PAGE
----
Common names: Hooded Picther Plant, Adam's Cup, Bog-bugle, Frog Bonnet, Whippoorwill's Boots, Parrot Pitcher Plant
Indication: Animal Nature
Indications: Helps you to regain your inner animal nature and foster a stronger sense life.
Some folks are very much in their animal nature physical bodies and you can meet up with them at a local hockey game. While others live a little elusively, often quiet with an ethereal quality that makes the very physical Earth a hard place to be.
Pitcher plant is one of only a few plants that are carnivorous. She collects water in her pitcher and then lures bugs in with the promise of enticing nectar. When they succumb to the invitation they find themselves caught in a sticky hairy trap where they will be digested into amino acids and other nutrients from which the plant will thrive. She prefers to grow in wetlands with her feet in the water growing in soil too mineral poor for other plants to survive.
If this idea of an insect eating Jezebel seems disgusting to you, you probably will benefit from her essence as this essence suits a “I can't eat the fish now that I've seen you gut it” individual who may also struggle with body shame or simply be too embarrassed to talk with others about personal matters.
Pitcher Plants not only grow, but thrive in soil that is too poor for other plants, they have learned to embrace an animal like quality of eating meat to stay strong in an inhospitable environment and they do so with creativity and unique beauty. This then is an excellent flower essence choice to encourage the healthy instinctual drive of a hardy human moving you out of the mind or dreamy Spiritual world and into your sacred “sense” body in appropriate ways. Heightened awareness to bodily sensations of hunger, pleasure or more sexual energies may become stronger as feelings becomes clearer and more balanced in the base and sacral chakras.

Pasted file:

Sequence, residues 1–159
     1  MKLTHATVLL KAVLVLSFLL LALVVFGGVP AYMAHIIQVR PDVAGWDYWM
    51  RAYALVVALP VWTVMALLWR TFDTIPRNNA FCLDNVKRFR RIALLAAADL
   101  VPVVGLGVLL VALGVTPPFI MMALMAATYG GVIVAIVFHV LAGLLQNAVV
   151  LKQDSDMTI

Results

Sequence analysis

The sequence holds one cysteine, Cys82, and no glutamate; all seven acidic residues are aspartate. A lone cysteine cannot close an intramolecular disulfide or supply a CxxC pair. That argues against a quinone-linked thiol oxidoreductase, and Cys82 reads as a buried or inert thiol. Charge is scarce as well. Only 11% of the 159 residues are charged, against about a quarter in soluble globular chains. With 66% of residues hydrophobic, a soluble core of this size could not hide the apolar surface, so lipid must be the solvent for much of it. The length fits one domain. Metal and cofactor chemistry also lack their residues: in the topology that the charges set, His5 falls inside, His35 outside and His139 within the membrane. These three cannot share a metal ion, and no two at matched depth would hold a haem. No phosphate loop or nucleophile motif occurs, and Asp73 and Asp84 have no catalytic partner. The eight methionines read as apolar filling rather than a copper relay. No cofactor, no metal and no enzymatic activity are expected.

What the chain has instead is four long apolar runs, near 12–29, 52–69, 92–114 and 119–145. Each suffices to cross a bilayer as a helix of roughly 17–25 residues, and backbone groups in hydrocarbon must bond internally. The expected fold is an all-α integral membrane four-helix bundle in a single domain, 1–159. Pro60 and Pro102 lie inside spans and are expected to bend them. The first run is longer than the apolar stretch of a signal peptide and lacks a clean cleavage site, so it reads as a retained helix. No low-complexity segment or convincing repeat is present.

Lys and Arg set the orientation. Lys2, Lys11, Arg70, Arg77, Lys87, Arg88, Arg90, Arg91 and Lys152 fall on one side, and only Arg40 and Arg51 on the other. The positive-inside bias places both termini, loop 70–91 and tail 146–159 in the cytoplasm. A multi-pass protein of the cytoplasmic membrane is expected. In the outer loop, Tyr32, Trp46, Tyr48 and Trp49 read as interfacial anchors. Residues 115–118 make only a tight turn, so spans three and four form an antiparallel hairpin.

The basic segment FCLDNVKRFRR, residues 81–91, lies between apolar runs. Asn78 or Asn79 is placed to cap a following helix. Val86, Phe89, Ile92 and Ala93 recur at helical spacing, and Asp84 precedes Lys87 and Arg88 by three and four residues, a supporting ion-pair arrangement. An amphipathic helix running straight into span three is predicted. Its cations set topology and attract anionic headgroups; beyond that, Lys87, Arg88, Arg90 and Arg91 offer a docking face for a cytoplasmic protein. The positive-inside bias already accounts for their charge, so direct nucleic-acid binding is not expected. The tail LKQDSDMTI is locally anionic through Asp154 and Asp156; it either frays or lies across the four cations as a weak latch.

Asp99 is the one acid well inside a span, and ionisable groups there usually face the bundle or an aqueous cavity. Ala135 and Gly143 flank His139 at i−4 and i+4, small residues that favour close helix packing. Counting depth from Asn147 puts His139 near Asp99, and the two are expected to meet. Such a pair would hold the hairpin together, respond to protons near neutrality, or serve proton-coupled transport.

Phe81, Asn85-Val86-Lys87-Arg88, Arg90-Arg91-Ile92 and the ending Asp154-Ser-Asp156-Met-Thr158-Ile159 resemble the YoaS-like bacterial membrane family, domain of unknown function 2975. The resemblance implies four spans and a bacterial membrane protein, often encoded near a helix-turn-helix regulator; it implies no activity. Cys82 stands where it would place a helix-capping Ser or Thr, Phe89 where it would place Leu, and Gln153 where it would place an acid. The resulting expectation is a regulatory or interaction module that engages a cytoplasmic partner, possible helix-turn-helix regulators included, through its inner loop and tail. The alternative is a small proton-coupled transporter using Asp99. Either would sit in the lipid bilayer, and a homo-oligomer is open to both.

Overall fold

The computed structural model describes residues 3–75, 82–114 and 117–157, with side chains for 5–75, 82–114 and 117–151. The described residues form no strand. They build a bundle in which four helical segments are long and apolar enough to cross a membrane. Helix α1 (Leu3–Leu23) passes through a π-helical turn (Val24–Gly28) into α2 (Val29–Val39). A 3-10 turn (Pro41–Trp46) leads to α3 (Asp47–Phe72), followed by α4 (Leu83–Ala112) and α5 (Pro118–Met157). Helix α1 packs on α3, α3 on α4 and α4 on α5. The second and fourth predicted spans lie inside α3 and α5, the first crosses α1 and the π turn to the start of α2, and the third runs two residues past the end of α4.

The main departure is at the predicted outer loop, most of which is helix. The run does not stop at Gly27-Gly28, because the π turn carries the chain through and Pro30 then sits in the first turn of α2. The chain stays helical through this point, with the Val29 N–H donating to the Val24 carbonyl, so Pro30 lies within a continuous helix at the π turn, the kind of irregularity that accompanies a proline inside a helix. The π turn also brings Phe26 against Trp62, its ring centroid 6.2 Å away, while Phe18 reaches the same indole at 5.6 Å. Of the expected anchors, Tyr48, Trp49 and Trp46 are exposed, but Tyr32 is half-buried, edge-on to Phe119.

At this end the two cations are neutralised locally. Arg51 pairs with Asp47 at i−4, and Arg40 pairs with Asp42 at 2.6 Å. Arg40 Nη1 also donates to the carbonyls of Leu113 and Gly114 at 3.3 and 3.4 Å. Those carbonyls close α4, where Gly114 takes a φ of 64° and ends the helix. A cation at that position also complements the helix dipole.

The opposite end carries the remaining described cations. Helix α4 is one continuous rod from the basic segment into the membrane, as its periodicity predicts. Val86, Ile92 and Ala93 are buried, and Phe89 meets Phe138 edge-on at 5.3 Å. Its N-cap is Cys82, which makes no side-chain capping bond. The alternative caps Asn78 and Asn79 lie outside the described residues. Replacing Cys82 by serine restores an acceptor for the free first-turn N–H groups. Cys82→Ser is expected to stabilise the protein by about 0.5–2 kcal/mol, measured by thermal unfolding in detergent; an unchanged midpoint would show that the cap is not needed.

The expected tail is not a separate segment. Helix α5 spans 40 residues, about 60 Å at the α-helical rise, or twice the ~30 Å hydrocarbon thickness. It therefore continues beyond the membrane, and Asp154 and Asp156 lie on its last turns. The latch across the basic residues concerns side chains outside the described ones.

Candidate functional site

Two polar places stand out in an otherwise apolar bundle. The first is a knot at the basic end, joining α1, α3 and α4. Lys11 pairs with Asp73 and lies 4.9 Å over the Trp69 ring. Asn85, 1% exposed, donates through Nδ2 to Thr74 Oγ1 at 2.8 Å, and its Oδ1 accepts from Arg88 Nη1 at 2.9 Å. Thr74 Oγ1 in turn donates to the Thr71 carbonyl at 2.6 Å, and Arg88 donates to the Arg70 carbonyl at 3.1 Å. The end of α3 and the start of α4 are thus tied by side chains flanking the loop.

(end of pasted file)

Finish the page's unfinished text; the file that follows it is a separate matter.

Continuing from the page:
Foraging, flying or crawling insects such as flies are attracted to the cavity formed by the cupped leaf, often by her colorful visual lures, and nectar bribes. The rim of the pitcher is slippery, when moistened by condensation or nectar, causing insects to fall into the trap. Pitcher plants may also contain waxy scales, protruding aldehyde crystals, cuticular folds, inward and downward pointing hairs, or guard-cell-originating lunate cells on the inside of the pitcher to ensure that insects cannot climb out. The small bodies of liquid contained within the pitcher traps are called phytotelmata. They drown the insect, and the body of it is gradually dissolved. This may occur by bacterial action (the bacteria being washed into the pitcher by rainfall) or by enzymes secreted by the plant itself. Furthermore, some pitcher plants contain mutualistic insect larvae, which feed on trapped prey, and whose excreta the plant absorbs. Whatever the mechanism of digestion, the prey items are converted into a solution of amino acids, peptides, phosphates, ammonium and urea, from which the plant obtains its mineral nutrition (particularly nitrogen and phosphorus).
The statements made regarding these products have not been evaluated by Food and Drug Administration. Theses products are not intended to diagnose, treat, cure or prevent any disease. All information presented here is not meant as a substitute for or alternative to information from healthcare practitioners.
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